First Presbyterian Church of Auburn, New York has been in existence for over two centuries and has been in its current location since 1975. From its campus within a residential zoning district, First Presbyterian Church has conducted on its property many outreach programs to the surrounding community—including hosting veterans groups, prayer groups, grief support groups, youth and marriage retreats, and music festivals.
One of the church buildings is a 36,000 square-foot mansion that was constructed by Theodore Case, the inventor of the technology that made “talking pictures” possible. When the home, which sat adjacent to the church’s property, became available for purchase, First Presbyterian Church saw this as an opportunity to acquire the home and expand the congregation’s outreach to the surrounding community.
Since 2012, First Presbyterian Church had held on this part of its campus a musical theater summer camp—“Glee Camp”—to serve the community’s local children and their families. In order to offset costs of instructors and materials for the three-week-long session that includes singing, dancing, and acting classes, young campers paid a fee. The church made no profit from hosting the Glee Camp and, in fact, lost money.
But the intent of holding the Glee Camp was never to make a profit. The church’s pastor, Rev. Eileen Winter, explained in an affidavit three reasons why the church hosts the camp:
First, [Glee Camp] brings in persons with whom we want to build a faith relationship who may be reluctant to visit our Church or may be looking for a church home. Second, the camp advances the Church’s religious mission of supporting the community and the love of music. Music is an integral part of religious worship, as recorded in both the Old and New Testaments as well as the traditions of the Church. Third, the camp helps us train an upcoming generation of future worship leaders and participants for our community in general and our Church specifically.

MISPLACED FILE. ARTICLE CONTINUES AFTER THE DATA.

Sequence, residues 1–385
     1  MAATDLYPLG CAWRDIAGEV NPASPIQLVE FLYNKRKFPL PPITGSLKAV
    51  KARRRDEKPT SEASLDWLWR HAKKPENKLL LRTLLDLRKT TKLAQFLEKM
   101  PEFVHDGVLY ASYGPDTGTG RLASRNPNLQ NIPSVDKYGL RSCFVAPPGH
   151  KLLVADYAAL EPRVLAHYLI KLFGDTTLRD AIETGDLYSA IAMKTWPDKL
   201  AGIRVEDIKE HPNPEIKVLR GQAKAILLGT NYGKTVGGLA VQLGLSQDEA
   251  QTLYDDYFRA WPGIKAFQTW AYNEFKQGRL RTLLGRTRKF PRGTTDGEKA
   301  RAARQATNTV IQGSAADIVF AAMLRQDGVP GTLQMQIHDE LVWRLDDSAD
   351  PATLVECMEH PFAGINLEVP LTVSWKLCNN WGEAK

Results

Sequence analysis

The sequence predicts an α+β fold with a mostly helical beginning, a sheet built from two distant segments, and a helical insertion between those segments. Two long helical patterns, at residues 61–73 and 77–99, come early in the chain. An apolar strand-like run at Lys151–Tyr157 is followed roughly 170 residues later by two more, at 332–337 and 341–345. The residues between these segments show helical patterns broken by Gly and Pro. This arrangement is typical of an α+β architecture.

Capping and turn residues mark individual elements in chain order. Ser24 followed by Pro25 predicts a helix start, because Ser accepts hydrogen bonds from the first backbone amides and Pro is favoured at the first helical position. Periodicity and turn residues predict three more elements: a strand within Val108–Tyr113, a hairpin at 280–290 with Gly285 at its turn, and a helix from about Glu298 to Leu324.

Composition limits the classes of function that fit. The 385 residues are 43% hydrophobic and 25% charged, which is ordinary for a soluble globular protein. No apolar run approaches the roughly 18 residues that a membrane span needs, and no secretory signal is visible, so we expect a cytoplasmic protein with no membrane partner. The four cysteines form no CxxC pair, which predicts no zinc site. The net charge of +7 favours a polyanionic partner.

As campers began to arrive at the church in July 2014, the City of Auburn sent a cease-and-desist order demanding that the church stop operating the Glee Camp. The city accused the church of violating the town’s zoning ordinances.
The citation ordered the church to “immediately cease” operating the camp and called the ministry a “commercial use” of the church’s property. The citation stated, “This is not an allowable use here.”
On December 19, 2014, First Liberty and local attorney Andy Leja of Hiscock & Barclay LLP filed a brief in defense of the church. The brief argued that the city’s cease-and-desist order constituted anti-religious discrimination and violated the federal Religious Land Use and Institutionalized Persons Act (RLUIPA).
At a hearing on February 4, 2015, lawyers with First Liberty argued that the city’s unlawful enforcement action should be dismissed because it violated the First Amendment of the U.S. Constitution and RLUIPA. The Equal Terms Clause of RLUIPA states that “[n]o government shall impose or implement a land use regulation in a manner that treats a religious assembly or institution on less than equal terms with a nonreligious assembly or institution.” 42 U.S.C. § 2000cc(b)(1). At the hearing, Auburn City Court Judge David B. Thurston took the case under advisement.